If you get to a situation where your debts are more than you can cope with then the very best thing you can do is take professional advice. It’s common to make your accountant your first port of call and if he or she thinks you are insolvent or need time to pay your debts, then they will usually refer you on to a bankruptcy or personal insolvency specialist. Someone who knows their way around the complex laws that can make bankruptcy a difficult process. For local people looking for bankruptcy advice Blackpool is home to a local debt specialist who knows his way around the bankruptcy process and IVAs as well.
Never assume that just because you are struggling to pay off your debts that you need to stop trading and close down. Only once you have taken advice should you make that decision. For example, an IVA can allow a sole trader to carry on in business and make a payment each month from future income to pay back old debts. You don’t even always have to pay off the debts in full. If this makes creditors better off than bankruptcy they will agree to such a proposal so make sure you speak with your advisors about Individual Voluntary Arrangements.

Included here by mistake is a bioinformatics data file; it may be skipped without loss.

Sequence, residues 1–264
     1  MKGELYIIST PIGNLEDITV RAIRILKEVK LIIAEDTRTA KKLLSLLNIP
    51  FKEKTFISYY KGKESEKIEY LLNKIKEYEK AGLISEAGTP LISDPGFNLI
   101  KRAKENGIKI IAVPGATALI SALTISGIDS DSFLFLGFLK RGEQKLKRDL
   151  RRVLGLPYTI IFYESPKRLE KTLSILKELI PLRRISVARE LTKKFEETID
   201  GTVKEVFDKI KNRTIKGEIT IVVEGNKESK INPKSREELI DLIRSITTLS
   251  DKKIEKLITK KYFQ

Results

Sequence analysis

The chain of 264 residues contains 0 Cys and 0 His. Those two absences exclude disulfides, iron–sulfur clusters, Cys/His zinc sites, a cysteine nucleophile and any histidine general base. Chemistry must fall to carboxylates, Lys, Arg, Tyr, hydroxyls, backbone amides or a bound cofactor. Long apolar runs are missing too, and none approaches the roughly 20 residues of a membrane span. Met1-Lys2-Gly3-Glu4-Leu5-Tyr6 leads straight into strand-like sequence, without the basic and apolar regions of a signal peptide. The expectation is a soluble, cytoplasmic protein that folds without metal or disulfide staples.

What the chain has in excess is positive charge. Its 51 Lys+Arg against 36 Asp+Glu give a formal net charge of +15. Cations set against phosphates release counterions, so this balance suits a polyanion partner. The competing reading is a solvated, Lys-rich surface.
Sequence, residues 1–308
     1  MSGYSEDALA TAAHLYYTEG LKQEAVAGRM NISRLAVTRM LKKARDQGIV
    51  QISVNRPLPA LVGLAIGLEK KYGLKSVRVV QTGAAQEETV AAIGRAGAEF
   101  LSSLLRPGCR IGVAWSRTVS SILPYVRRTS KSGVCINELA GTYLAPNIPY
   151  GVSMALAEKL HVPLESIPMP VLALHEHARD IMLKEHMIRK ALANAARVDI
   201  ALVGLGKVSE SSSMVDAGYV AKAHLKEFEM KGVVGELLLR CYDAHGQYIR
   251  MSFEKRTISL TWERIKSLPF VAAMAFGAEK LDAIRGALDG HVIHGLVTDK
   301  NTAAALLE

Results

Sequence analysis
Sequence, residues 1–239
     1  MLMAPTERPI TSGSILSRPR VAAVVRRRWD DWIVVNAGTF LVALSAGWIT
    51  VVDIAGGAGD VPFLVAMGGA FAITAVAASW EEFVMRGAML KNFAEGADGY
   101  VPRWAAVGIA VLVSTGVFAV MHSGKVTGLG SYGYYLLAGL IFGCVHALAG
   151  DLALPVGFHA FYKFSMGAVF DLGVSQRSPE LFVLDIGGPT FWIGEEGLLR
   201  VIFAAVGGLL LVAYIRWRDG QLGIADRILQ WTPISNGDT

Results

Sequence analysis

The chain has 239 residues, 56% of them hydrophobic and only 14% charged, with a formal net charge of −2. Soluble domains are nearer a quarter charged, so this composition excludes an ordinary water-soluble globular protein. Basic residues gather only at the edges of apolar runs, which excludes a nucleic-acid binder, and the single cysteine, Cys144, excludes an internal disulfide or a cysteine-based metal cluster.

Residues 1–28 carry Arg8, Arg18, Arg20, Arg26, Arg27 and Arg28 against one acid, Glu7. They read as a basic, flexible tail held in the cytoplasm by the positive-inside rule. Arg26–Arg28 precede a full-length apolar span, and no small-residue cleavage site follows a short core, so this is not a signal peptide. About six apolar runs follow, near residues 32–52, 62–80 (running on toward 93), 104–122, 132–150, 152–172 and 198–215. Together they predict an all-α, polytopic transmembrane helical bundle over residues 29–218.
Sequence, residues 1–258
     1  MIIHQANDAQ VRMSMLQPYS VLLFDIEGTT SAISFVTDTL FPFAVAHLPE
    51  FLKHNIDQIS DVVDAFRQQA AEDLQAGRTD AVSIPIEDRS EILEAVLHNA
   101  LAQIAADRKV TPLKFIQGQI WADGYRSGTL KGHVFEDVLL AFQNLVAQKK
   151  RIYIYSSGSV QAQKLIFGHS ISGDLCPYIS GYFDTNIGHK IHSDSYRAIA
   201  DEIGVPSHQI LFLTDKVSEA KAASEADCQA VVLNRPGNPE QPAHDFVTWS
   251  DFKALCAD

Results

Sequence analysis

If your business has hit upon hard times and you’re ready to meet up with a local insolvency practitioner (IP) then, as the boy scouts say, it’s best to “be prepared”!
Always remember that the first meeting is very important and it is YOUR opportunity to ask questions and ensure that you or your company are in the right hands. Insolvency practitioners are NOT all the same. Some specialise in working with limited companies and some may only deal with personal insolvency cases, like bankruptcies and Individual Voluntary Arrangements. Therefore, if you are a company director, make sure that when you make your appointment that the person you intend to see has the right kind of experience to give you the very best advice. Don’t be shy about this-ASK!